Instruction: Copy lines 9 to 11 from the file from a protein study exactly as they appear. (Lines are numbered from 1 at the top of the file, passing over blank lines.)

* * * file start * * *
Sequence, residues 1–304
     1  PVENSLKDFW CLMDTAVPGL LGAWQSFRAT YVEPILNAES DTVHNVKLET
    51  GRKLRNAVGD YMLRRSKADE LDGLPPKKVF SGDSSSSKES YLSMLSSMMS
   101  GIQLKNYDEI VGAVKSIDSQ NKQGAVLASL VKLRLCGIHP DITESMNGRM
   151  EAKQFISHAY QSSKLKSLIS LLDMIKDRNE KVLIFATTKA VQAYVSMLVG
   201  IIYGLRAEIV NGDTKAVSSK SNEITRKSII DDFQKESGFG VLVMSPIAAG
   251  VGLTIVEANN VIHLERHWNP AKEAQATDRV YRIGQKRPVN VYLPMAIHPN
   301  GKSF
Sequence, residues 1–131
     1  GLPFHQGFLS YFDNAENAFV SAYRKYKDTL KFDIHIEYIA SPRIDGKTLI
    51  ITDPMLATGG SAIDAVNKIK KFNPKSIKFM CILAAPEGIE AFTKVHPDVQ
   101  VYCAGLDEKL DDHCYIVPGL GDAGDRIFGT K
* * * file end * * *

Sequence, residues 1–131
     1  GLPFHQGFLS YFDNAENAFV SAYRKYKDTL KFDIHIEYIA SPRIDGKTLI
    51  ITDPMLATGG SAIDAVNKIK KFNPKSIKFM CILAAPEGIE AFTKVHPDVQ